What is the difference between a traditional mammogram and a 3D mammogram?

Digital mammography uses a specially designed digital camera and a computer to produce an image that is displayed on a high-resolution computer monitor. Although an adequate breast cancer screening tool, digital mammography produces only a 2-dimensional picture of the breast. Traditional mammograms take only one picture, across the entire breast, in two directions: top to bottom and side to side – flattened images.

With 3D mammography or digital breast tomosynthesis multiple pictures are collected and reconstructed into thin slices of breast tissue. Breast tomosynthesis uses high-powered computing to convert digital breast images into a stack of very thin layers or “slices’ – building what is essentially a “3-dimensional mammogram”. This technology makes it possible for the radiologist to see breast tissue detail in a way never before possible.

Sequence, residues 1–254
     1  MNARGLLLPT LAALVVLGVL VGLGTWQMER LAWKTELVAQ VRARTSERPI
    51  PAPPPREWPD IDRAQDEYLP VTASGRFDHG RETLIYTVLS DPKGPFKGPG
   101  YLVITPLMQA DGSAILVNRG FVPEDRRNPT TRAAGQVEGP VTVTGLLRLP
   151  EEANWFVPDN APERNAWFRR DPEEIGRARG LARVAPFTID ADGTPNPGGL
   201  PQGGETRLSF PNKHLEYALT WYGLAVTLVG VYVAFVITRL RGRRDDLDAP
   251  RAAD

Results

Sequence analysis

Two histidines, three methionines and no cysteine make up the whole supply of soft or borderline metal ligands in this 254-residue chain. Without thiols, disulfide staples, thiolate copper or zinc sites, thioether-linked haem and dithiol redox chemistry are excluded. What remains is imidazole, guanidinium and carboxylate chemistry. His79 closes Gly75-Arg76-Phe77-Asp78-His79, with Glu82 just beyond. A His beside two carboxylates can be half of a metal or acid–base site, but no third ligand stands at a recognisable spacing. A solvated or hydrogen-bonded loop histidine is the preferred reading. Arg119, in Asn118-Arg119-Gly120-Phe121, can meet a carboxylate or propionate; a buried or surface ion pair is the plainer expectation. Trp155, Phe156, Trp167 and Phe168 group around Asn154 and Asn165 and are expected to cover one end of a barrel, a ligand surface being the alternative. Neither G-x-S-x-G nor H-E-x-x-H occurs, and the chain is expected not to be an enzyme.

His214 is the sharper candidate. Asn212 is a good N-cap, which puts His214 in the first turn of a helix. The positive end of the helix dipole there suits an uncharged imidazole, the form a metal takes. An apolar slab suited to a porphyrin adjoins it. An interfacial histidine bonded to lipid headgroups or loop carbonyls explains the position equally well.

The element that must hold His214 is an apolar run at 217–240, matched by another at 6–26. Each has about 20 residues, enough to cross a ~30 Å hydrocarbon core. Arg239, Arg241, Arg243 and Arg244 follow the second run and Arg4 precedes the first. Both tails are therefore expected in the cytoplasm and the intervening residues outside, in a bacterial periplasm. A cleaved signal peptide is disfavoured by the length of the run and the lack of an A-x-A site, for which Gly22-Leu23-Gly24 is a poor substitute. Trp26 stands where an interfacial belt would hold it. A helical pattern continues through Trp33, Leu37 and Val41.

Instead of viewing all the complexities of breast tissue in a flat image, the doctor can examine the tissue a millimeter at a time. It is similar to being able to read each page of a book rather than trying to peer through all the pages at once. The radiation dose for 3D mammography is equal to that of conventional mammograms.



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Peninsula Imaging, LLC
Address:1655 Woodbrooke Drive, Suite 101, Salisbury Maryland, 21804
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